• Cold Pressing
    With cold pressing, fresh coconut meat (also known as copra) is hand-scooped from the shell. Then, it’s pressed until it excretes oil. Cold pressing is the purest form of extraction, and often the priciest. It’s used to create unrefined coconut oil.
  • Centrifuge
    In centrifuge extraction, fresh copra is spun at a high speed, first extracting the milk. Then, the speed is increased to extract the oil. This process leaves the oil with a powerful tropical coconut scent and flavor.
  • Expeller Pressing – Coconuts are placed in barrels and pulverized with an expeller, a machine that literally smashes whole coconuts. Coconut oil is then extracted using a chemical solvent called hexane. This process is typically used to create refined coconut oil.
  • Steam Extraction – A more healthful extraction method than its expeller cousin, refined coconut oil can be extracted from dried copra with steam. The heat eliminates most nutrients, but the oil remains rich in medium chain fatty acids.
  • Other Chemical Extractions – If you’re buying cheap, refined, deodorized, and bleached (RBD) coconut oil, this is probably the method used. Steer clear of RBDs.

Find The Source: Refined Vs. Unrefined Coconut Oil

You want to ensure that your coconut oil is responsibly sourced. Coconut trees are an important component of ecosystems in Asia-Pacific locations, not to mention a crucial source of income for the surrounding populations.

#1: Kapuluan

The raw beauty company Kapuluan plants a coconut palm in Southeast Asia for each item you purchase, while directly impacting the livelihood of the local coconut farmers with income.

#2: Nutiva

Nutiva also strives to make an impact by dedicating 1% of sales to support sustainable agriculture. They specifically support the small farming communities in Southeast Asia from which they get their coconut oil. In 2015, Nutiva sponsored the planting of 100,000 coconut seedlings. Most of their products are non-GMO, USDA certified organic, and vegan.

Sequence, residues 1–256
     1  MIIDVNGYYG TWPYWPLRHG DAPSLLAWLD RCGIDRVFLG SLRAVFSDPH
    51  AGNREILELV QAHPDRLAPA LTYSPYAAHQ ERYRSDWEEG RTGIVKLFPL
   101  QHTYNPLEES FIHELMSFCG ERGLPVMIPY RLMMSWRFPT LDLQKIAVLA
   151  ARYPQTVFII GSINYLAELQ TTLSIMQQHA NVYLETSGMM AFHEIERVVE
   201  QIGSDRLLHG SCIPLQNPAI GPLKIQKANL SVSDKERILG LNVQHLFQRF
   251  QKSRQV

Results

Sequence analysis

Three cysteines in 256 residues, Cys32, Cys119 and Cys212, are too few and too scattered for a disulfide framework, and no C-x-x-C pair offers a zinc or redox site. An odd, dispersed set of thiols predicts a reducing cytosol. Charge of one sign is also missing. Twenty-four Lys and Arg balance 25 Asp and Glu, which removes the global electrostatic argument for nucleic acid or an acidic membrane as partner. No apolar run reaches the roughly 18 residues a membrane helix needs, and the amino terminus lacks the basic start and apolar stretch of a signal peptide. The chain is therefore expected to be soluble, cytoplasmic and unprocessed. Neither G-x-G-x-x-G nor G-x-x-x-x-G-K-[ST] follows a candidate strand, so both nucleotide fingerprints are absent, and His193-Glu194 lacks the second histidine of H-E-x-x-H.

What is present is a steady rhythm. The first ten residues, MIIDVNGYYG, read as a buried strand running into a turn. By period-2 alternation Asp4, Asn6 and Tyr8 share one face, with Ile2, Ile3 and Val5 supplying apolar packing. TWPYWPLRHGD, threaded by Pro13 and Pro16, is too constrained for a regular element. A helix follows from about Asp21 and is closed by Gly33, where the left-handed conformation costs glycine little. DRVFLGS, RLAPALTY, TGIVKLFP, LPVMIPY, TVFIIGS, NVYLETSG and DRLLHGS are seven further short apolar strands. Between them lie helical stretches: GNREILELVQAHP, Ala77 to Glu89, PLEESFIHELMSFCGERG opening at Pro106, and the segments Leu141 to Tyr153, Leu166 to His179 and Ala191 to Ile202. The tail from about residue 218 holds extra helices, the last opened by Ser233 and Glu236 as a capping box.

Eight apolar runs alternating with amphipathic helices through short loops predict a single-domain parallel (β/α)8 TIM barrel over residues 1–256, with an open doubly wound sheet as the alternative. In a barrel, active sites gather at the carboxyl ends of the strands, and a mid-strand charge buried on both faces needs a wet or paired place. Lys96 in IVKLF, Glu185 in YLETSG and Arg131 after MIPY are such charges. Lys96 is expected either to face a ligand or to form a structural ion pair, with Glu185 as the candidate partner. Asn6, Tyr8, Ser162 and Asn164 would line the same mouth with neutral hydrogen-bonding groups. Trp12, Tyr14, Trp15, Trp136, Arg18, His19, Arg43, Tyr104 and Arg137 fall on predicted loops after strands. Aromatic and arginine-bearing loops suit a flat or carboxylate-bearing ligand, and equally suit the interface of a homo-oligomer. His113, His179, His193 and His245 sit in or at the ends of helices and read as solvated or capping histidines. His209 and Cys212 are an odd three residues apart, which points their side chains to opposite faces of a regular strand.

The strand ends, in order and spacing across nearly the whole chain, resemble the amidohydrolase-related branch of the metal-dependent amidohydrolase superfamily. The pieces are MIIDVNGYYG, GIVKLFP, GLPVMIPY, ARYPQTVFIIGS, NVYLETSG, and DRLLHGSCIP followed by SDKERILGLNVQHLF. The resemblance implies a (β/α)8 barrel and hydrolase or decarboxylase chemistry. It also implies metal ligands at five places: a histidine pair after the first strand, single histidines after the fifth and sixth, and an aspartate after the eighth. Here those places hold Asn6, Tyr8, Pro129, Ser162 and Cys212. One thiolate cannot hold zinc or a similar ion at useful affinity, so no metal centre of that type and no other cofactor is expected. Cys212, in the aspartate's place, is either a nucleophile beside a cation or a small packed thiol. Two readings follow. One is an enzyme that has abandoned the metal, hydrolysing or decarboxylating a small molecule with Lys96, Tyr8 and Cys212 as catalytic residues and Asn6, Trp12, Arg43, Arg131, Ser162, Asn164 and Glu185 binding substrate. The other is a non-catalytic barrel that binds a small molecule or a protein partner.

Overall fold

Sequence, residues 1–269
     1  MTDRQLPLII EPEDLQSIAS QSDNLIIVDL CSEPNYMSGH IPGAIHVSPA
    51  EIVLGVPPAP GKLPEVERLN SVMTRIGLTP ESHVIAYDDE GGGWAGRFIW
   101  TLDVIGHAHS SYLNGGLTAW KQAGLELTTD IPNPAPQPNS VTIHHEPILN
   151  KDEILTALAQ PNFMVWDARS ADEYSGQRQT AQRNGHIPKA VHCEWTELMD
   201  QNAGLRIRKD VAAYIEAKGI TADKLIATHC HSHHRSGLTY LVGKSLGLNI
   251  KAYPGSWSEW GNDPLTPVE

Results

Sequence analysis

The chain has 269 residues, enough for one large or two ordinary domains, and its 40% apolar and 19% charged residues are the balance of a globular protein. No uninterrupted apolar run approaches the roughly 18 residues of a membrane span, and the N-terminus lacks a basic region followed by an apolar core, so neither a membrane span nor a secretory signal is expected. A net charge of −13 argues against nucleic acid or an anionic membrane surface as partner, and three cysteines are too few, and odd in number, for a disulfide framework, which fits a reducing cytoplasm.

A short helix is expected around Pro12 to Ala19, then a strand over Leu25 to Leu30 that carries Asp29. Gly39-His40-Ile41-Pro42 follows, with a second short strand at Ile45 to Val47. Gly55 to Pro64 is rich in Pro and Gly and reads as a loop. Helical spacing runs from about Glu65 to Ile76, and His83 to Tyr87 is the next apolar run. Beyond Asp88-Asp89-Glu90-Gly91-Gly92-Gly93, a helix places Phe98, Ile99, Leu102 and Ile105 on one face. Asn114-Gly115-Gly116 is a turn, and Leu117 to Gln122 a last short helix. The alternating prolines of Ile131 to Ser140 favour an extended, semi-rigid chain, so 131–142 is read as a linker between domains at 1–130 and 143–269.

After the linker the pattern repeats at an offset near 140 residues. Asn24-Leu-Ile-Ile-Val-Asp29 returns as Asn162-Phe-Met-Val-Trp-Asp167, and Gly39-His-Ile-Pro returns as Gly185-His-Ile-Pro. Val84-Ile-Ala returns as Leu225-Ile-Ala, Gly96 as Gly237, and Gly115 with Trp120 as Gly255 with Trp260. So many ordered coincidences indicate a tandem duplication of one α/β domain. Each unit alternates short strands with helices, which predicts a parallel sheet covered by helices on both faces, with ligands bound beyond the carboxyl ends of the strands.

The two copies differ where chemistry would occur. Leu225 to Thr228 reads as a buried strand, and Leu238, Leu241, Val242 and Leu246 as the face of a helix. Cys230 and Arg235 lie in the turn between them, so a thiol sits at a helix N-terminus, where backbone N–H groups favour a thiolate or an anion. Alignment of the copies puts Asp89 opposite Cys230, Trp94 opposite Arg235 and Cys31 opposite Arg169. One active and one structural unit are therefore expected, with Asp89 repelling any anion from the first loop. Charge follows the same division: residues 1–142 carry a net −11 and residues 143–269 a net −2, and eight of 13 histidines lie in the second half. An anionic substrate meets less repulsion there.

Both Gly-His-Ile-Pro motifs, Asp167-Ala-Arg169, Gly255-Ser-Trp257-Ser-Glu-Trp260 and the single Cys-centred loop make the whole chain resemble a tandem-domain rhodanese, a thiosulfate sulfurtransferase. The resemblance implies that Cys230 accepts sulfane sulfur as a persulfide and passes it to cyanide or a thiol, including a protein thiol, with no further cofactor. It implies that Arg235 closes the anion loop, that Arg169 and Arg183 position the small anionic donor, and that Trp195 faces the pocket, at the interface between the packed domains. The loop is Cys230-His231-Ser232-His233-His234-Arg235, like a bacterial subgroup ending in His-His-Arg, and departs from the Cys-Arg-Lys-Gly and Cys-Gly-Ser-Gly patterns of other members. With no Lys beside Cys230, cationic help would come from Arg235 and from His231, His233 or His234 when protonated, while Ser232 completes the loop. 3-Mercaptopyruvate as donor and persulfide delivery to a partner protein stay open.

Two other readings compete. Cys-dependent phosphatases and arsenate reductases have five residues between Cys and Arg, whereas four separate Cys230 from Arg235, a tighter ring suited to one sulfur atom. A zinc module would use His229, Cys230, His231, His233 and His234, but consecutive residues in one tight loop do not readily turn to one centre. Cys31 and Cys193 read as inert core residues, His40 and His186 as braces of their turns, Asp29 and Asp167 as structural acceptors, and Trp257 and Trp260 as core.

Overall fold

#3: Dr. Bronners

Lastly, you can always trust Dr. Bronners to supply you with Fair Trade, non-GMO, vegan, organic beauty supplies. They specialize in pure, additive-free cleaning products, and have been doing so since 1948!

Refined Vs. Unrefined Coconut Oil For Glowing Skin And Hair

Let’s get right down to it, shall we?

When it comes to refined vs. unrefined coconut oil for hair and skin, unrefined coconut oil is the undefeated champion. While refined coconut oil is still a contender in its own right, it simply undergoes too much processing to maintain its natural nutritional benefits.

Pure, cold-pressed virgin coconut oil is rich in antioxidants, fatty acids, and vitamin E. It also retains lauric acid, which gives unrefined coconut oil its desirable antimicrobial and antifungal properties. Because it undergoes no processing from heat or chemicals, it stays rich in all those invigorating nutrients your skin and hair love.

And regardless of the processing, unrefined coconut oil is created from fresh coconuts as opposed to the dried copra used to create refined coconut oil. This means that unrefined coconut oil contains polyphenols and phytonutrients, which may encourage your cardiovascular system and fight disease.

So for vegan, organic cooking and baking, refined coconut oil is a fantastic option. But when it comes to your hair and skin, lather up some virgin coconut oil and commence hydration for a softer, more luxurious look and feel!